LTE & Ericsson to enable IoT for tiny devices
The Consumer Electronics Show 2016 is currently underway in Las Vegas. The tradeshow boasts of around 3200 exhibitors. Ericsson is one of the exhibitors and it announced that it has developed cellular network software that may help small, battery-powered devices like smartwatches and pet trackers get online and work longer without a recharge in a few years.
The software known as Ericsson Networks Software 17A for Massive IoT, has features for connecting the smallest of devices without making them use up too much power. Many of those will be meters and machines for cities and companies, but some could be long-lasting wearables and consumer gadgets of the future. Cellular networks were built to give smartphones as much speed as possible. Now they’re being adapted to tap data to and from new kinds of things. Those could include street lights and parking meters, industrial machinery, and various consumer gadgets like clip-on devices that tell you where your stuff is.
“Anything that doesn’t require a lot of connections to the network or a lot of data, but you don’t want to be changing the battery very often” said Peter Jarich, analyst of Current Analysis.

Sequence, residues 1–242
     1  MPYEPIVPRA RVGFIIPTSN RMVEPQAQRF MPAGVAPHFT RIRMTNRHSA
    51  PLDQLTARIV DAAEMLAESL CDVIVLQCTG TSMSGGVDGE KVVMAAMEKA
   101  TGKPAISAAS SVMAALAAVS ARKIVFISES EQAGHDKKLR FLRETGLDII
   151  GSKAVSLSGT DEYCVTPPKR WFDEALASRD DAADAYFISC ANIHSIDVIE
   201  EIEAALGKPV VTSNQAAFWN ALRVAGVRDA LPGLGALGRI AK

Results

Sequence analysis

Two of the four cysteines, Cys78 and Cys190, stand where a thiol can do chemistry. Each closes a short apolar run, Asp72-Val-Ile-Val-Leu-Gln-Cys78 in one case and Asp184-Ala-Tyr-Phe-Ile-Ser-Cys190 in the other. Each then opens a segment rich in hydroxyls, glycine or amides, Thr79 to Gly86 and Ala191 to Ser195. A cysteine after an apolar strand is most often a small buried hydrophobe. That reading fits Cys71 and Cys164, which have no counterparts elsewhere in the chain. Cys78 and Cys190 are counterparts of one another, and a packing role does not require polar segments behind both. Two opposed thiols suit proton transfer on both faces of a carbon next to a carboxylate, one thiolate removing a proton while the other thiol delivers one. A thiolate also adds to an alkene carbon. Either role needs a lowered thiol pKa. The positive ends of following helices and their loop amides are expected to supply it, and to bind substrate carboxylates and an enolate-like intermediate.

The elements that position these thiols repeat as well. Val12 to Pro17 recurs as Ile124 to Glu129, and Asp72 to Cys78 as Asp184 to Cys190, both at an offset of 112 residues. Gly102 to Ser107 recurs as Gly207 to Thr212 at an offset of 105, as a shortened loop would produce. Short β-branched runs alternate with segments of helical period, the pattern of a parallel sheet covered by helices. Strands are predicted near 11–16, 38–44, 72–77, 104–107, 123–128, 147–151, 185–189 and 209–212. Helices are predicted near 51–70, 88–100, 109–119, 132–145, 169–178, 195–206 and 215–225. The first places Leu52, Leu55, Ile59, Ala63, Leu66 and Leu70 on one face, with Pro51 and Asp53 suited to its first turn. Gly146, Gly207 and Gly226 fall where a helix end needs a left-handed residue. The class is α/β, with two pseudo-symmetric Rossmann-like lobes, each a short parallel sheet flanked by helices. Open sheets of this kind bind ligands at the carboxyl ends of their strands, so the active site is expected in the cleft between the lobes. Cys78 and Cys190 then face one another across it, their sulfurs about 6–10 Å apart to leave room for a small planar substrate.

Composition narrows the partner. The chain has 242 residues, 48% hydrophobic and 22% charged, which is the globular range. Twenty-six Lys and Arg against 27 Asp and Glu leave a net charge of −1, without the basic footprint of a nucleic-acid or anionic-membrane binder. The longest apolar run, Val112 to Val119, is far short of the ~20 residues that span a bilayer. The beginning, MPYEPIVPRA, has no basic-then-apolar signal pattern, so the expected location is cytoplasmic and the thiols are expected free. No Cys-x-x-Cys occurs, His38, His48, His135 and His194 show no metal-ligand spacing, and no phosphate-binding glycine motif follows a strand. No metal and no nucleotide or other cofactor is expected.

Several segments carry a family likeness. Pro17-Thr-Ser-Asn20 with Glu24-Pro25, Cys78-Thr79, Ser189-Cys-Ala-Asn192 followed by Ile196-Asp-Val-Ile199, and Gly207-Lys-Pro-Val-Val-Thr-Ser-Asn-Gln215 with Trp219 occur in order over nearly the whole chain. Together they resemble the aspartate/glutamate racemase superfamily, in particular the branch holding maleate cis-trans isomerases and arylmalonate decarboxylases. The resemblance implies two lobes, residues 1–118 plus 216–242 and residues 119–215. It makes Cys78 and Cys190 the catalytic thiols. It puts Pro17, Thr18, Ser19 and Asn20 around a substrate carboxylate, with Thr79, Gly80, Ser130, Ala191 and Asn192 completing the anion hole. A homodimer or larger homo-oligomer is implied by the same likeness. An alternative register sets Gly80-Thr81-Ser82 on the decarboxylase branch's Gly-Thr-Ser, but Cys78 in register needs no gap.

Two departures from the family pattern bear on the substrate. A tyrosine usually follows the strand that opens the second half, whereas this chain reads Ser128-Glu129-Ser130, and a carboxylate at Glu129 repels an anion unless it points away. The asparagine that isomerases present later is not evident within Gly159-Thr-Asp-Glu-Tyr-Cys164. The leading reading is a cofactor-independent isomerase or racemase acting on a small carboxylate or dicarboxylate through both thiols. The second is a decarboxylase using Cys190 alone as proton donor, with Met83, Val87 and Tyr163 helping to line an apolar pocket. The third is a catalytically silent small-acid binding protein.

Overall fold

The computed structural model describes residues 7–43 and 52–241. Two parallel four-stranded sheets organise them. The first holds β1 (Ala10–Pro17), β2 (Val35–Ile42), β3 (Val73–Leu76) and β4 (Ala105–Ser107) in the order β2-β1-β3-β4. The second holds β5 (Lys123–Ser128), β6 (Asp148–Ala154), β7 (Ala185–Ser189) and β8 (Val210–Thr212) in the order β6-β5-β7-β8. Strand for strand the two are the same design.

The company further said that a variant of LTE known as NB-IoT (narrowband Internet of Things), can be deployed on current networks as a software upgrade. It will let millions of IoT devices connect to the same cell, far more than today’s base stations can serve. And along with features in Ericsson’s upcoming software, it will let devices work for 10 years on a battery.
NB-IoT is up against competing systems from specialist low-power wide-area network (LPWAN) companies like SigFox and Ingenu. They’re already in use, while the cellular industry is still trying to turn NB-IoT into a standard. The competition should help to get cell companies on the ball about building good IoT networks, analysts say. They don’t expect it to be finished for at least a year.